Provides the dosing interval provided by ii

In the first example as ii is not passed, we get a value of missing.

julia> NCA.tau(df_r1)2×2 DataFrame
Row │ id     tau
│ Int64  Missing
─────┼────────────────
1 │     1  missing
2 │     2  missing

And below, as we map the iii column to ii the tau is determined.

julia> NCA.tau(df_r3)2×2 DataFrame
Row │ id     tau
│ Int64  Int64
─────┼──────────────
1 │     1      4
2 │     2      4

#### doseamt(subj)

The amount of dose given to each subject.

julia> NCA.doseamt(df_r1)2×2 DataFrame
Row │ id     doseamt
│ Int64  Int64
─────┼────────────────
1 │     1       10
2 │     2       20

#### lambdaz

lambdaz(subj;
threshold=100,
idxs=nca.lambdazidxs,
slopetimes=nca.lambdazslopetimes,
recompute=true,
verbose=true,
kwargs...)

Terminal elimination rate constant ($λz$). This is core function of NCA that computes the terminal rate constant. A list of considerations for computing $λz$ are listed below.

1. By default, Pumas-NCA uses an iterative best fit regression method to choose the terminal slope that provides the best adjusted r-square ($adjr2factor$) value. The iterative algorithm converges when the change in $adjr2factor$ is 0.0001 or less.
2. $λz$ computation requires at least three data points to provides a valid result
3. The algorithm tries its best to not use the time at tmax to compute the $λz$, and if it does, a warning is provided.

Regular users of Pumas-NCA don't usually have to adjust any of the settings for computing the $λz$, as a best decision is made automatically. However, if there is a desire to experiment given the experimental context, certain arguments are provided that are discussed below with specific examples.

julia> NCA.lambdaz(df_r1)2×2 DataFrame
Row │ id     lambdaz
│ Int64  Float64
─────┼─────────────────
1 │     1  1.26795
2 │     2  0.748933

$adjr2factor$ can be relaxed to to fit a best-fit earlier. Note in the example below, a 100 fold difference in the value results in different results of terminal slope for id=1.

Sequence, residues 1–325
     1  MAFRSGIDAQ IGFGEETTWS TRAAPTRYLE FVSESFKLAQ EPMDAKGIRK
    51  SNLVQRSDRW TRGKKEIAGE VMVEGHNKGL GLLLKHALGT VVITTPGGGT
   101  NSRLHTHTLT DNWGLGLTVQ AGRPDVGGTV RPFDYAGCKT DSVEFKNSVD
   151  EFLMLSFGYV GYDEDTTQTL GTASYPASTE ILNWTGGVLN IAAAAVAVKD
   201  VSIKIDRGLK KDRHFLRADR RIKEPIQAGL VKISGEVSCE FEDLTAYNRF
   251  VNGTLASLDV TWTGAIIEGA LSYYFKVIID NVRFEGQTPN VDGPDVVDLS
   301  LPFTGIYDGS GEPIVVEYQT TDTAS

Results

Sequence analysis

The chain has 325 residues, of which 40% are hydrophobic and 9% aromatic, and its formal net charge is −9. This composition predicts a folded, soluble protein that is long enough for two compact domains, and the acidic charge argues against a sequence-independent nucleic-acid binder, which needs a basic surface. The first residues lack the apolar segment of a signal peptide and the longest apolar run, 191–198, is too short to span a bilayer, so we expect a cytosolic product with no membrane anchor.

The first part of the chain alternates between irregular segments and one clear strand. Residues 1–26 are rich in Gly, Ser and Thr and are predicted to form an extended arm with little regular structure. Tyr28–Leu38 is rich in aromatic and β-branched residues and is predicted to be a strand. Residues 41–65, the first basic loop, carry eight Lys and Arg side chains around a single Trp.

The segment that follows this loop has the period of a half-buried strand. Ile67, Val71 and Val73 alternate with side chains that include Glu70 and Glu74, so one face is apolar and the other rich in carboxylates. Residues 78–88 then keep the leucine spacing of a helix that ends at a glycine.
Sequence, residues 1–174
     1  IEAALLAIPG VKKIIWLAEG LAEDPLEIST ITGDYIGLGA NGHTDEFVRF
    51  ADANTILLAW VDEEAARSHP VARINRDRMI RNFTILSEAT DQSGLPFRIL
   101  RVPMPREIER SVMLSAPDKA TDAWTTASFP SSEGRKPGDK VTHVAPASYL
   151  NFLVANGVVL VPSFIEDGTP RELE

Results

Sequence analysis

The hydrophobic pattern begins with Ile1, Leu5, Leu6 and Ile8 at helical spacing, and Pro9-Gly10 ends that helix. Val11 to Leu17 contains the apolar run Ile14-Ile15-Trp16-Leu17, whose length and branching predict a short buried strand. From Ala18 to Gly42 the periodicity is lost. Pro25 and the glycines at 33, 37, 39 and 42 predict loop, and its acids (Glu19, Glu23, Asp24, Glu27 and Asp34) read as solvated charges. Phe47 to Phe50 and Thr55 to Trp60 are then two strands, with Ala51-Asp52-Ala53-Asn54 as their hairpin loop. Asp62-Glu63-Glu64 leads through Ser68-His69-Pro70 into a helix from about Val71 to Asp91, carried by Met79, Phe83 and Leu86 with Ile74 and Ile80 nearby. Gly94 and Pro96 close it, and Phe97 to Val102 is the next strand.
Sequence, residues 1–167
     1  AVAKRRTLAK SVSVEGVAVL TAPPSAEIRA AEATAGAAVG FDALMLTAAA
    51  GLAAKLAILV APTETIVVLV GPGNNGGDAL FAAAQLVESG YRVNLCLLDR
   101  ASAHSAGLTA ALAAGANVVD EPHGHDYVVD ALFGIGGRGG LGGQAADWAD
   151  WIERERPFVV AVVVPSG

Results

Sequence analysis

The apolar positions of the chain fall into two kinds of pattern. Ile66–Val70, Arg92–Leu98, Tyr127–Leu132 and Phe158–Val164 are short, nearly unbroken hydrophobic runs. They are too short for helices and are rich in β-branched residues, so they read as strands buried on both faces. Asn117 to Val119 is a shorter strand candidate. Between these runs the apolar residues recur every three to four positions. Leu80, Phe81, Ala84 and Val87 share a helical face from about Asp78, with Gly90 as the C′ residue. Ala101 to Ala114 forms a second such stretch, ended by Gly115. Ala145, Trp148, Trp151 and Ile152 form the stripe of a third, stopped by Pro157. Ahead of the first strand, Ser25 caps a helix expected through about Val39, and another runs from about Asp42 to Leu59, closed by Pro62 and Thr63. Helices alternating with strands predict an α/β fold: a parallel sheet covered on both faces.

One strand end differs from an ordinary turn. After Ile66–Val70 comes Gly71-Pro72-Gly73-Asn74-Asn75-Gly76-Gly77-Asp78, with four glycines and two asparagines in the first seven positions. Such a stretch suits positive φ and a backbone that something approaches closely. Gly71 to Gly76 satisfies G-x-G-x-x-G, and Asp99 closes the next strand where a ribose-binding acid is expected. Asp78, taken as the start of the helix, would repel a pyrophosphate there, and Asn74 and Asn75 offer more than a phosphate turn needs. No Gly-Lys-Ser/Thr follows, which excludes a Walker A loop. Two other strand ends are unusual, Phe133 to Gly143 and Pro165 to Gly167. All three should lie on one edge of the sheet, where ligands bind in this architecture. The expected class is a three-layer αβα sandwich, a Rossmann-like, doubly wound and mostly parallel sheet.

julia> NCA.lambdaz(df_r1, adjr2factor=0.1)2×2 DataFrame
Row │ id     lambdaz
│ Int64  Float64
─────┼─────────────────
1 │     1  0.871274
2 │     2  0.690867

threshold defines the maximum number of points that can be used to compute the $λz$. Currently, the default is set to 100 points, that satisfies most use cases, but if there is a need to adjust one can do so.

Info

The iterative best-fit regression is bounded to produce a result that satisfies the threshold value, so it is normal to see a lower $r^2$ value

When the thershold is set to 2 in the example below, Pumas-NCA warns that it cannot compute the $λz$ which requires a minimum of three points.

julia> NCA.lambdaz(df_r1, threshold=2)[ Info: ID 1 errored: lambdaz calculation needs at least three data points between Cmax and the last positive concentration
[ Info: ID 2 errored: lambdaz calculation needs at least three data points between Cmax and the last positive concentration
2×2 DataFrame
Row │ id     lambdaz
│ Int64  Missing
─────┼────────────────
1 │     1  missing
2 │     2  missing

idxs and slopetimes are both used to manually pick and choose the data points used for terminal slope computations. Values are passed as an array of points, either indices of the time vector for idxs or the actual times in the case of slopetimes. If a single array is passed, then the same values are used across the population on every subject.

julia> NCA.lambdaz(df_r1, idxs = [2,3,4])2×2 DataFrame
Row │ id     lambdaz
│ Int64  Float64
─────┼─────────────────
1 │     1  0.549306
2 │     2  0.549306
julia> NCA.lambdaz(df_r1, slopetimes = [2,3,4])2×2 DataFrame
Row │ id     lambdaz
│ Int64  Float64
─────┼─────────────────
1 │     1  0.549306
2 │     2  0.549306

If the user has a custom array that identifies specific indices or slopetimes for each individual, they can be passed in as an array of arrays.

The lambdaz function can also be used outside the context of a NCASubject or NCAPopulation where one can pass in a simple observation and time vector. This can be useful to do a quick linear regression or to find a slope for a x-y vector.

julia> NCA.lambdaz(collect(10:-1:1), 1:10)0.5493061443340549

#### lambdazr2(subj)

Coefficient of determination ($r²$) when calculating $λz$. Note that this quantity must be computed after calculating $λz$.

Using the example where the blq is not mapped, we get the result below.

julia> NCA.lambdaz(df_r1)2×2 DataFrame
Row │ id     lambdaz
│ Int64  Float64
─────┼─────────────────
1 │     1  1.26795
2 │     2  0.748933julia> NCA.lambdazr2(df_r1)2×2 DataFrame
Row │ id     lambdazr2
│ Int64  Float64
─────┼──────────────────
1 │     1   0.975932
2 │     2   0.998154